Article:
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Darwinism and Historical Archaeology

  • Michael J. O’Brien
  • R. Lee Lyman
Chapter

In its classic formulation, Darwinism is a theory about why certain organisms do better in particular environments than do other organisms and hence over time leave more descendants. The theory says nothing about the archaeological record. Thus, archaeologists interested in applying a Darwinian perspective to the study of the material record have had to spend considerable time in constructing logical theoretical and methodological arguments as to how this can be accomplished in a nonreductionistic manner (e.g., Hurt and Rakita, 2001; Lipo et al., 2006a; Lyman and O’Brien, 1998; O’Brien, 1996a; O’Brien and Lyman, 2000, 2002a, 2003a, 2003b; O’Brien et al., 1998).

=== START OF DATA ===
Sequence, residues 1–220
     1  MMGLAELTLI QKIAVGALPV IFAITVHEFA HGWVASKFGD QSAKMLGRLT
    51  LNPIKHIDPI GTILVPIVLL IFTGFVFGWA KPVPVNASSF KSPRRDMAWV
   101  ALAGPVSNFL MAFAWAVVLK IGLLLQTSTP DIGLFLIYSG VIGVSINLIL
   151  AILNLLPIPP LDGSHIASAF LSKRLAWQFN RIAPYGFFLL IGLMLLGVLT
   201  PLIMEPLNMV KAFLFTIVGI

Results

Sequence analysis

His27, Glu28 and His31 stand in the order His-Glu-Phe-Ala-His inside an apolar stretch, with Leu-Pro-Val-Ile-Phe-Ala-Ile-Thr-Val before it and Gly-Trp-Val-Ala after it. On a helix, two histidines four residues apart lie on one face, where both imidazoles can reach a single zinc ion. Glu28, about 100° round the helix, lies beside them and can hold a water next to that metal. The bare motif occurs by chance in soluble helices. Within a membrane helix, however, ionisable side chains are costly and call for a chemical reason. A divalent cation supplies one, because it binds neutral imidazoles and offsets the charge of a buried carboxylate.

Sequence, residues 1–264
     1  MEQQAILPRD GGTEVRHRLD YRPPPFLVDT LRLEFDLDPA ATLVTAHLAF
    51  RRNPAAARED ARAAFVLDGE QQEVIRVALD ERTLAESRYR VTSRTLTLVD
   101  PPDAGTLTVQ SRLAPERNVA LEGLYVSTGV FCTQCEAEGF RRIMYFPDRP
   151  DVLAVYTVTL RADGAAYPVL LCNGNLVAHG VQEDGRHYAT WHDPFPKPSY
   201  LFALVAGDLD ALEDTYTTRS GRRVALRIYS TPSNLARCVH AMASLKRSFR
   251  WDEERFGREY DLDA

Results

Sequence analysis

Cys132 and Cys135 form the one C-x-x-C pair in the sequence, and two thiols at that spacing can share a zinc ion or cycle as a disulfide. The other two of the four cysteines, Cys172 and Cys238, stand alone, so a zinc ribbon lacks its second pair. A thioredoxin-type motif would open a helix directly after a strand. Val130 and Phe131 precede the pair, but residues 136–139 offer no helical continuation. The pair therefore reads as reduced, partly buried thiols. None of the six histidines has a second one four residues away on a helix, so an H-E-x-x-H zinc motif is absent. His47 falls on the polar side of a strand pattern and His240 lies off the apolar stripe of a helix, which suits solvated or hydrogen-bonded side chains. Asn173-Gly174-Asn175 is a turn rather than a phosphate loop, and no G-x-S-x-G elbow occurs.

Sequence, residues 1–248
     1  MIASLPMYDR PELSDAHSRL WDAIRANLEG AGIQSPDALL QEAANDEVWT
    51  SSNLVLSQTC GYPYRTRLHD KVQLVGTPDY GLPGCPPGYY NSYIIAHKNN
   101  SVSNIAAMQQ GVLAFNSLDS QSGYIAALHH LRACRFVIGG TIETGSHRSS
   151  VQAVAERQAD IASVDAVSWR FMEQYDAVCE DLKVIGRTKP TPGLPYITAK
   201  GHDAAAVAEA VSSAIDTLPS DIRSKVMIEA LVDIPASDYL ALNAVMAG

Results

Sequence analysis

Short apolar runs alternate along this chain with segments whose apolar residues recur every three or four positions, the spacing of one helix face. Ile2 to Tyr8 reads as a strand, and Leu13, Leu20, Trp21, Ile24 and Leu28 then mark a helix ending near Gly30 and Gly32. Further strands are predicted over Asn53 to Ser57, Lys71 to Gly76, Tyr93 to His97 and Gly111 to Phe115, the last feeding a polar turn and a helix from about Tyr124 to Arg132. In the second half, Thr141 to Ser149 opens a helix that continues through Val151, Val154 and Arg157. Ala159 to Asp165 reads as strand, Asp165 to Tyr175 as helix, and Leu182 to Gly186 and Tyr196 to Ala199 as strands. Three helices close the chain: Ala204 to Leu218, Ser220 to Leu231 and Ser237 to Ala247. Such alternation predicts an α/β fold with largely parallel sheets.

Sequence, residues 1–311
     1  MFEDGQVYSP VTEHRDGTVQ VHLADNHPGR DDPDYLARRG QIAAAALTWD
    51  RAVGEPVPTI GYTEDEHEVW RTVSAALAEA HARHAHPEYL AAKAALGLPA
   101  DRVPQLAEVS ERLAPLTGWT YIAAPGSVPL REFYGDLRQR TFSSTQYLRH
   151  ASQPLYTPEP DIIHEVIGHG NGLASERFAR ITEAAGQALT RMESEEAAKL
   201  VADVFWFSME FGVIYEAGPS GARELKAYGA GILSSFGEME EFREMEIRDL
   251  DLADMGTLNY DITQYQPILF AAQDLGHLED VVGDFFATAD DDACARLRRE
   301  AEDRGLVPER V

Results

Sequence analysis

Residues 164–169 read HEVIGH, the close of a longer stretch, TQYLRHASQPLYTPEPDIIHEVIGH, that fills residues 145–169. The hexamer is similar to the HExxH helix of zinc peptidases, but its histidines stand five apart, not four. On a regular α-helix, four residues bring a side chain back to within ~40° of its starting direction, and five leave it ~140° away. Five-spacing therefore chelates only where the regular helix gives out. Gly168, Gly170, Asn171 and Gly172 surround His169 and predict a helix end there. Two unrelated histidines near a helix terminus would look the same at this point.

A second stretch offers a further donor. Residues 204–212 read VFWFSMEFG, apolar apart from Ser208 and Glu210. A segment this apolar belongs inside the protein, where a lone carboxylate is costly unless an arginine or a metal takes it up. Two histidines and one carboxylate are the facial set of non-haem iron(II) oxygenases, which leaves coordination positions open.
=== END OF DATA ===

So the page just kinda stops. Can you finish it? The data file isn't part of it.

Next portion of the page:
Keywords

Archaeological Record Immanent Property Historical Archaeologist Darwinian Evolutionism Definitive Attribute 
These keywords were added by machine and not by the authors. This process is experimental and the keywords may be updated as the learning algorithm improves.

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© Springer Science+Business Media, LLC 2009

Authors and Affiliations

  1. 1.Department of AnthropologyUniversity of Missouri, Arts and Science Dean’s OfficeColumbiaUSA
  2. 2.Department of AnthropologyUniversity of MissouriColumbiaUSA

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